At least 43 per cent of the 6000 languages spoken in the world are endangered, according to estimates by the United Nations Educational, Scientific and Cultural Organization (UNESCO). Of these, many belong to indigenous peoples.
“When a language dies a culture and a form of understanding of the world dies together with it,” said Javier Lopez Sanchez, Director General of the National Institute for Indigenous Languages. “Language is culture. It’s a fundamental tool to understand the world and how social organizations work at all levels. Through language and culture human beings are able to interact.”
Both language and culture are interdependent pillars on which the identity of a people is maintained. They provide cohesion within and outside communities.
This was argued by participants in a panel discussion on the role languages and culture play in promoting and protecting the well-being and identity of indigenous peoples held at the September session of the Human Rights Council in Geneva. Their aim was to identify measures taken by States to validate and revitalize indigenous languages.
Opening the discussion, the UN Deputy High Commissioner for Human Rights, Kyung-wha Kang, noted that the loss of indigenous languages was a tragedy on a global scale.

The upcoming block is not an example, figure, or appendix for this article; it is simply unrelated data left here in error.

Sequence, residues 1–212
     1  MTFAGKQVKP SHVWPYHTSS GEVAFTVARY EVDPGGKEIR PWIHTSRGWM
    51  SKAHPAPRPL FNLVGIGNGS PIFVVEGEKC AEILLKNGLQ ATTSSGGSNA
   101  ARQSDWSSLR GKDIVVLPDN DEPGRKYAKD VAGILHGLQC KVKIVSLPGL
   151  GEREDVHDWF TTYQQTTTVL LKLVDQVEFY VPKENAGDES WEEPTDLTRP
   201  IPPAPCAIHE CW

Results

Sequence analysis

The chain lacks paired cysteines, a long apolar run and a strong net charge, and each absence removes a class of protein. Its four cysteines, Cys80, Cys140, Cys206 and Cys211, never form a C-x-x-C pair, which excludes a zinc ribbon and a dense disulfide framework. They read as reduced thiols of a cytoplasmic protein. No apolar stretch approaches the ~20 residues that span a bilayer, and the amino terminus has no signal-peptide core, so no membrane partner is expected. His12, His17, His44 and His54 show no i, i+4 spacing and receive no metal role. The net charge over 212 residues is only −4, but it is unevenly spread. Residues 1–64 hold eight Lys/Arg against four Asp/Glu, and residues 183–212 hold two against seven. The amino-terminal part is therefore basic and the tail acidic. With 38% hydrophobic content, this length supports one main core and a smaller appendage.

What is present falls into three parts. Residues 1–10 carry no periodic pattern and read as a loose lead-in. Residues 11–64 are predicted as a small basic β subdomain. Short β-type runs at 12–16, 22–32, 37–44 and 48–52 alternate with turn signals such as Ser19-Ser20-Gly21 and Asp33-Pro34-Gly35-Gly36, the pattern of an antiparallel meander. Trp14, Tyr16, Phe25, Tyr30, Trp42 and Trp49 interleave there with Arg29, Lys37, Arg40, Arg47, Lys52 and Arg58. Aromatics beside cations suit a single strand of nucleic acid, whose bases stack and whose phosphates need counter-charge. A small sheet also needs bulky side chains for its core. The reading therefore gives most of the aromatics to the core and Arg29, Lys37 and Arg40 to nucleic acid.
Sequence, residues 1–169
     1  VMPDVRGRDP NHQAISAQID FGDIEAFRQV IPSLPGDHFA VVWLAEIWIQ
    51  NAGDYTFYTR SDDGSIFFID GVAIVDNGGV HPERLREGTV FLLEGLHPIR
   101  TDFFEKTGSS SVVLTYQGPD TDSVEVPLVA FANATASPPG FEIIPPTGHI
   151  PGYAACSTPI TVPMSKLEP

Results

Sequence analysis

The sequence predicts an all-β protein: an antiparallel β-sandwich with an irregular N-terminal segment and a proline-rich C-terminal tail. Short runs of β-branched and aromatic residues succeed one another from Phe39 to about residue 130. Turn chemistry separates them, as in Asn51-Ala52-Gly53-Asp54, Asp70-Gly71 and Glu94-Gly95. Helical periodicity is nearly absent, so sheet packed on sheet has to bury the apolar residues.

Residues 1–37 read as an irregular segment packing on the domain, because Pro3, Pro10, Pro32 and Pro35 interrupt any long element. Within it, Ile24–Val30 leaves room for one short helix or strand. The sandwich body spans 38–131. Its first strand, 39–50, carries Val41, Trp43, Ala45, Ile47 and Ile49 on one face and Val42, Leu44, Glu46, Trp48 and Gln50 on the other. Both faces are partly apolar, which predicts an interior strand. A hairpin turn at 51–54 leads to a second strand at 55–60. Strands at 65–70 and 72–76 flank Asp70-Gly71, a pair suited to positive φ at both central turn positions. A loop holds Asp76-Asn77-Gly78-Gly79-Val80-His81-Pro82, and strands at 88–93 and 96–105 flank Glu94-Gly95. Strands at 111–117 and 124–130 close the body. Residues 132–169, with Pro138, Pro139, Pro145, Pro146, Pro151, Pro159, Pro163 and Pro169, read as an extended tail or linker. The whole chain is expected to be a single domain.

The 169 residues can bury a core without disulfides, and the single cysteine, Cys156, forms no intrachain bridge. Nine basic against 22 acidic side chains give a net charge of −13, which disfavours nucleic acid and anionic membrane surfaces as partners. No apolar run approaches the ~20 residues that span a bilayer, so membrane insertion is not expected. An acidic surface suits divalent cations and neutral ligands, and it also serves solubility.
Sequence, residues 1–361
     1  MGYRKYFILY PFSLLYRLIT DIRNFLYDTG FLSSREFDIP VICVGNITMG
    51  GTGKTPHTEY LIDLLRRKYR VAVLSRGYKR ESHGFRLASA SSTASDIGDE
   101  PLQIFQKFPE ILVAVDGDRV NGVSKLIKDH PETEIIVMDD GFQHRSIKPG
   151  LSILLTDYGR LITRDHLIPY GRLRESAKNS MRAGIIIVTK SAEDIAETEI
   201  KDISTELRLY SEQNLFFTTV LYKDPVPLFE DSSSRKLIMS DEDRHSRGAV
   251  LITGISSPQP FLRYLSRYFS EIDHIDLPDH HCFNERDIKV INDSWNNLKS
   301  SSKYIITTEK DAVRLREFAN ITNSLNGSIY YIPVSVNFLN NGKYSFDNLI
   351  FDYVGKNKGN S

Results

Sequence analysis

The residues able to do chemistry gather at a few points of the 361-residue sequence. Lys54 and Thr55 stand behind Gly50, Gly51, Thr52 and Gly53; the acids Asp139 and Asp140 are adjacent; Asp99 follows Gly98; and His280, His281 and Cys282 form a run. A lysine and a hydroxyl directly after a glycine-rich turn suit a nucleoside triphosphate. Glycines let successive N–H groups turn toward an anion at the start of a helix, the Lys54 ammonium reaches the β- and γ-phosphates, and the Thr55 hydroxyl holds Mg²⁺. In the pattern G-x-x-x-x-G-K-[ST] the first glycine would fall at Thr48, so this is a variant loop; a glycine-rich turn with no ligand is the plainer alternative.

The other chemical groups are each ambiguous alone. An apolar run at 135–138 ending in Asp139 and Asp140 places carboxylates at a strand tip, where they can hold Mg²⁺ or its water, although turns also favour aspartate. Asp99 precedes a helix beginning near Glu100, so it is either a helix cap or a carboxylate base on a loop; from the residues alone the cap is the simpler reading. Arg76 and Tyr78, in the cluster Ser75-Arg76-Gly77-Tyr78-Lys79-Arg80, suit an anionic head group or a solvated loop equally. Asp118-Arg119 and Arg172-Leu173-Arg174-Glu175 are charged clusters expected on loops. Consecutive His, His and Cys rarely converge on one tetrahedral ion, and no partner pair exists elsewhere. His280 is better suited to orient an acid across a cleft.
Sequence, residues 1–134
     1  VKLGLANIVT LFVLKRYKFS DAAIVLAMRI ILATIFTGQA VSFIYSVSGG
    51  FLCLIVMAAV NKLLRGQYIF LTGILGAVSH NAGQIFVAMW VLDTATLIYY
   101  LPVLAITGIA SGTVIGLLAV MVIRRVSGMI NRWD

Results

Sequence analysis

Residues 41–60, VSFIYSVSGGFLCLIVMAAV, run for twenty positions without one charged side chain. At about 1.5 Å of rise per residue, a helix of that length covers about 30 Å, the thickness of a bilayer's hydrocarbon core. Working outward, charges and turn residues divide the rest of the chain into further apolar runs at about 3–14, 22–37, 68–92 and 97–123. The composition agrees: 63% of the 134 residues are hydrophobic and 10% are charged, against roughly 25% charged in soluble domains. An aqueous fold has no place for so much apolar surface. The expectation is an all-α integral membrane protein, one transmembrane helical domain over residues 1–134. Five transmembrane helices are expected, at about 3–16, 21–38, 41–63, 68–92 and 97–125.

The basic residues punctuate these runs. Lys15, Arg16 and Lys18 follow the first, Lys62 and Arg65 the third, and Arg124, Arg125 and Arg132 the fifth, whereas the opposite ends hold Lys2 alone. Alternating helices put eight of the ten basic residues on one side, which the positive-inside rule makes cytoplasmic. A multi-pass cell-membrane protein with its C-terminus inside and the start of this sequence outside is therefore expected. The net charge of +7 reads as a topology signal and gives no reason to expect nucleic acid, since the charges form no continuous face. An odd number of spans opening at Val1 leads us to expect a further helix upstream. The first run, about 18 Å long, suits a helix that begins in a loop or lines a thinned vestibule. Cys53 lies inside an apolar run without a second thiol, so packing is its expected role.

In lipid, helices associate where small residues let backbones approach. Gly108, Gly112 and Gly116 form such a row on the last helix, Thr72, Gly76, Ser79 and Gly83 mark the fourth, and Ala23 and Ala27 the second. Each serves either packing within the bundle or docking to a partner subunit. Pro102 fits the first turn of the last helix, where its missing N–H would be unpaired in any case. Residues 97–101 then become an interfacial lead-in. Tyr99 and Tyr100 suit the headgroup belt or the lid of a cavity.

“As indigenous languages die, so too do integral parts of indigenous peoples’ cultures, a process that often involves violations of indigenous peoples’ human rights to culture, language and even self-determination,” Kang said. “Without the appropriate linguistic terminology available to express indigenous philosophies and concepts, indigenous peoples lose some of their ability to accurately define themselves in accordance with their traditions and to convey these traditions to future generations. At the same time, the world loses some of its cultural history and human knowledge.”
In most indigenous societies, learning is mainly conducted through oral tradition, making maintenance of language a vital part of education. In 2009, the Expert mechanism on the Rights of Indigenous Peoples presented to the Council a study on indigenous peoples’ right to education (PDF). The experts advised Governments that indigenous peoples should have the right to education in their own languages, even where indigenous individuals lived outside their indigenous communities. Further, they noted that the teaching of indigenous languages in mainstream institutions would help prevent discrimination against indigenous peoples.
At the Human Rights Council panel discussion, participants stressed that indigenous peoples must ensure that their Governments enact appropriate existing legislation guaranteeing and protecting their rights. However, they added, referring to legal frameworks was not enough. Mind-sets have to change for people to accept linguistic diversity and enable the survival of indigenous languages.
30 September 2011